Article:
6.2. Participants

A total of 19 postgraduate novice teachers studying at a university in Greater London, were recruited from a module in educational technologies for language teaching which lasted one semester. The participants on this course had a range of L1 backgrounds: nine had English as a second or third language, whilst ten were native speakers of English. Thirteen had some sort of language teaching experience ranging from one-to-one to teaching groups. Prior to the course, online journals showed that their use of educational technologies included programmes such as PowerPoint, MSWord, DVDs, e-Podiums, interactive whiteboards and all of them had experience in using computers.

The MA module was comprised of eleven face-to-face 3-hour workshops. The workshops were highly interactive and were facilitated by two tutors who are both authors of the study. The topics covered on the course were: needs analysis and language level, planning tasks for language learning, distance learning and educational technology, designing tasks for online workshops, distance learning and student and teacher perspectives, peer and tutor feedback of students’ online tasks, reflection on own online teaching, theoretical frameworks for evaluating teaching, learning and autonomy. During the course, the students published their own tasks on the Internet for the French students to complete within a period of four weeks.

6.3. The Virtual Learning Environment

The online language learning was delivered through the London university’s virtual learning environment (VLE). The system hosts teaching and learning materials for all of its courses. Students can download PowerPoint presentations, Word documents and PDF files, as well as contribute to discussion forums. For this particular course, a workshop platform (space on the university VLE) was used for participants to upload their online workshops. These mainly consisted of newly discovered technology artefacts like links to YouTube clips, images, interactive games, and video recordings and Word files that allowed them to design tasks to achieve specific language learning outcomes.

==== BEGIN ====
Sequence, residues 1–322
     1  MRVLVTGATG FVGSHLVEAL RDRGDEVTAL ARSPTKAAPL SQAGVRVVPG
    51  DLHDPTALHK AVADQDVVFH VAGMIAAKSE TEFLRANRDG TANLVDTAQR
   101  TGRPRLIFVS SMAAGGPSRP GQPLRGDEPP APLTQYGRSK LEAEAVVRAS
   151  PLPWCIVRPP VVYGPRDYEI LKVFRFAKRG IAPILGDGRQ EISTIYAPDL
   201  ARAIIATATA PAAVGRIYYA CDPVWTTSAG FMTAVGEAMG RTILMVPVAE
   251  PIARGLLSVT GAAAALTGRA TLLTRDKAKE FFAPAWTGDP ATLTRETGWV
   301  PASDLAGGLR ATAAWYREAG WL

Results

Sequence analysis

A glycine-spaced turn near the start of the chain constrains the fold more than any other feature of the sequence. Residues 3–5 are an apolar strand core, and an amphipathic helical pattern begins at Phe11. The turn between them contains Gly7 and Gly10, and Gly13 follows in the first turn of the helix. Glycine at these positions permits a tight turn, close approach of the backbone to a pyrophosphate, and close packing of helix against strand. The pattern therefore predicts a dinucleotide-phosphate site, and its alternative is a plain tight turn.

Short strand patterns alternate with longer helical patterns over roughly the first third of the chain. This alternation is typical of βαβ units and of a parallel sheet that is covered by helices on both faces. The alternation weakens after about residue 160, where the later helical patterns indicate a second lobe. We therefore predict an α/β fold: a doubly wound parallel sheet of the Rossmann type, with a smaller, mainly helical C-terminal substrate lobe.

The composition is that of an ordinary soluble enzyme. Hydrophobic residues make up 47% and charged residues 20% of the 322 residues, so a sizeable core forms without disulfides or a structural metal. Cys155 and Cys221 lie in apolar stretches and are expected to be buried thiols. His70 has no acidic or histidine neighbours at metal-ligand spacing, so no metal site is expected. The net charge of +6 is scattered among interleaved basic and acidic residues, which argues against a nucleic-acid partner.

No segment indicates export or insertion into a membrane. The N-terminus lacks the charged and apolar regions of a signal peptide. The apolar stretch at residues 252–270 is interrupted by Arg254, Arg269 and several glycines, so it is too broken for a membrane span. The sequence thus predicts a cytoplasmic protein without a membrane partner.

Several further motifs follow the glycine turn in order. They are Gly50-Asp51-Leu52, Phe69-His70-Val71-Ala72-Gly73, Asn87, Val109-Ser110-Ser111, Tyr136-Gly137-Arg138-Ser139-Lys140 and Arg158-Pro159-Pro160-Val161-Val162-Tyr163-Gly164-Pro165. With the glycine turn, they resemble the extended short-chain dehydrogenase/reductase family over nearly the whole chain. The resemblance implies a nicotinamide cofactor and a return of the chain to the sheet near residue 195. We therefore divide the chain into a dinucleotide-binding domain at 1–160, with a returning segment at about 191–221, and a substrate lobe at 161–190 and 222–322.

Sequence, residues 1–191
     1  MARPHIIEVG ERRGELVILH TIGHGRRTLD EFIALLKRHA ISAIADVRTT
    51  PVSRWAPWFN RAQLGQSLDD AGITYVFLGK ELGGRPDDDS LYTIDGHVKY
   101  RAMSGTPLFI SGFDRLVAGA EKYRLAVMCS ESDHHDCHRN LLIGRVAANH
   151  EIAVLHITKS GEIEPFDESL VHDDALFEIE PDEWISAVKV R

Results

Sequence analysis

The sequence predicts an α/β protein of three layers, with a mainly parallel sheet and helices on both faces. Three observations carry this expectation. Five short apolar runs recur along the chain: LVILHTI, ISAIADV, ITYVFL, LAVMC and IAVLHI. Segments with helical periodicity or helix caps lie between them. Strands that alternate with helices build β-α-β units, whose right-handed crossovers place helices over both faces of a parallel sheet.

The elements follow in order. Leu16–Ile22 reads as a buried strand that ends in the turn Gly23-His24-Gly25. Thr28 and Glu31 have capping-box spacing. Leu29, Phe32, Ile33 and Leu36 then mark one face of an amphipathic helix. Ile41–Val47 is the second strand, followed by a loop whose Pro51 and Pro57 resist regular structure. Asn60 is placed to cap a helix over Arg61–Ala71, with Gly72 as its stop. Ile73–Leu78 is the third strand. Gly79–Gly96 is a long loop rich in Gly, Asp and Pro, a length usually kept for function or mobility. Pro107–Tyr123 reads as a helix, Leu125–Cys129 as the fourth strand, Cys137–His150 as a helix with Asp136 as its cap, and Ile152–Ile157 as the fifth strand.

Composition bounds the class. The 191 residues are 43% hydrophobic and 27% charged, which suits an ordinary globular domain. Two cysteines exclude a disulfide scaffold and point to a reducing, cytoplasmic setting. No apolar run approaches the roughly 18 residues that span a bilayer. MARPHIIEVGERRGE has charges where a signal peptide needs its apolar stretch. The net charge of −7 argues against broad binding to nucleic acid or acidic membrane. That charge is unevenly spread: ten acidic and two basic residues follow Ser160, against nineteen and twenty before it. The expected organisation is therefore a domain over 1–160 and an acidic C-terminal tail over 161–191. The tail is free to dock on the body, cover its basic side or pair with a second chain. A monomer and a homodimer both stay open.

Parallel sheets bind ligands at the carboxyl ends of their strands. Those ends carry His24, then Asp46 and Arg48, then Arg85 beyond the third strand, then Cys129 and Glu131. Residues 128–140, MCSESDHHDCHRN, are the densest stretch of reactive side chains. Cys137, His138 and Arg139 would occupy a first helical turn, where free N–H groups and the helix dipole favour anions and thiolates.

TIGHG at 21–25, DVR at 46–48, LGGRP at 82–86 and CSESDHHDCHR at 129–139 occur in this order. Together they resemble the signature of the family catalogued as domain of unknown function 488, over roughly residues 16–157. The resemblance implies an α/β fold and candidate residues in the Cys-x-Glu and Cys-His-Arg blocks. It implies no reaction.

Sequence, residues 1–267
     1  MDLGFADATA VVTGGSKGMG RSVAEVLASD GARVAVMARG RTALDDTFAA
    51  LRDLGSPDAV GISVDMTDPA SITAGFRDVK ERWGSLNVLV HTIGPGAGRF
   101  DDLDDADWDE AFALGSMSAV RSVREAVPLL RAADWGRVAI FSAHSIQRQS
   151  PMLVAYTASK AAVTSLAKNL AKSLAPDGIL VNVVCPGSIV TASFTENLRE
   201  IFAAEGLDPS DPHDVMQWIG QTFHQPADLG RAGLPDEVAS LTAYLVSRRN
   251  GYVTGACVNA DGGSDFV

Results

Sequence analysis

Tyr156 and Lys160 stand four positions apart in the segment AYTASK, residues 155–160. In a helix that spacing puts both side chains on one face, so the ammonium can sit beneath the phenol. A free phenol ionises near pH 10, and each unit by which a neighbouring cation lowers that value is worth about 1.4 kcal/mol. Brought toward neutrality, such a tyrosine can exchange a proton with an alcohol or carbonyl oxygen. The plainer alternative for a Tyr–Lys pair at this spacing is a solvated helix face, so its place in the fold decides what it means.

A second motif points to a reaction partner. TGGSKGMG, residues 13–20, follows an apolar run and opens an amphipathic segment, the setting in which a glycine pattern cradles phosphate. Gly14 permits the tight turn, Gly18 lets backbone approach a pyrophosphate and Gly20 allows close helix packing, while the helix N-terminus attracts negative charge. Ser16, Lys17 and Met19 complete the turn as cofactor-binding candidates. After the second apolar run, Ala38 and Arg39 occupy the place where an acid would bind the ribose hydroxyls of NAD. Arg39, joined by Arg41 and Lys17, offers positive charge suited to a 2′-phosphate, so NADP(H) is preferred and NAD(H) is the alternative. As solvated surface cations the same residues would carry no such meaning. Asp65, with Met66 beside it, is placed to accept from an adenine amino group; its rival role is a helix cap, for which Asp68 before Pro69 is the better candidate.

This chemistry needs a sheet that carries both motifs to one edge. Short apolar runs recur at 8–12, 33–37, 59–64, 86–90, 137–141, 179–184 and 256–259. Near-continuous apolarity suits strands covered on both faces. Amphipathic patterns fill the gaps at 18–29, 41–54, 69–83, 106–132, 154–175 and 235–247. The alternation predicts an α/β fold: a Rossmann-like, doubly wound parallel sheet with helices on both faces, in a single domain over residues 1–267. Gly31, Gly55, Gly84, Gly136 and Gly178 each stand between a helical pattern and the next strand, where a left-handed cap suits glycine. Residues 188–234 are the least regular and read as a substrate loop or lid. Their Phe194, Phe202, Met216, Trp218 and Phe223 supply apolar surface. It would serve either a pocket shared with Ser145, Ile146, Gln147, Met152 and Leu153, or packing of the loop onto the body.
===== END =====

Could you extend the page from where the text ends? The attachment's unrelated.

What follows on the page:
The London-based participants were given the role of online language facilitators. They were responsible for the content and the facilitation of language learning. The online workshops were constructed as part of the module assignment and the London-based tutors were there to give help and guidance to the MA students during the design and facilitation stages. The UK module workshops took place face-to-face once a week during one semester. The Lyon-based tutor was in direct face-to-face contact with the Lyon students to explain the rationale for the online course and actually took part in the course herself to gain first-hand knowledge of what was involved. Both the Lyon tutor and London-based tutors were in contact with each other via email.

Figure 1. The communication pathways.

6.4. Products from the learning environment

Each of the 19 UK-based novice teachers created an online distance workshop comprising of three online language learning tasks designed to last one hour. Their language groups consisted of either two or three French students who were grouped by English language ability using the Common European Framework Reference for Languages (CEFRL). Their language level was judged by their English teacher at their home university. The French students and UK participants were matched by the more experienced UK-based novice teachers facilitating the more advanced language students. The French students were encouraged by their French tutor to complete the tasks outside of class but they were not obliged to do so. Below is an example a workshop for the French students.

Figure 2. The initial task to orientate the French learners to job interviews.

 

Figure 3. A vocabulary building task.

 

Figure 4. The next task focuses on the grammar of letter writing or job hunting.

 

Figure 5. A job advertisement for the learners to apply to.

 

Figure 6. The final task of the workshop is to explain why they are suitable candidates for the job.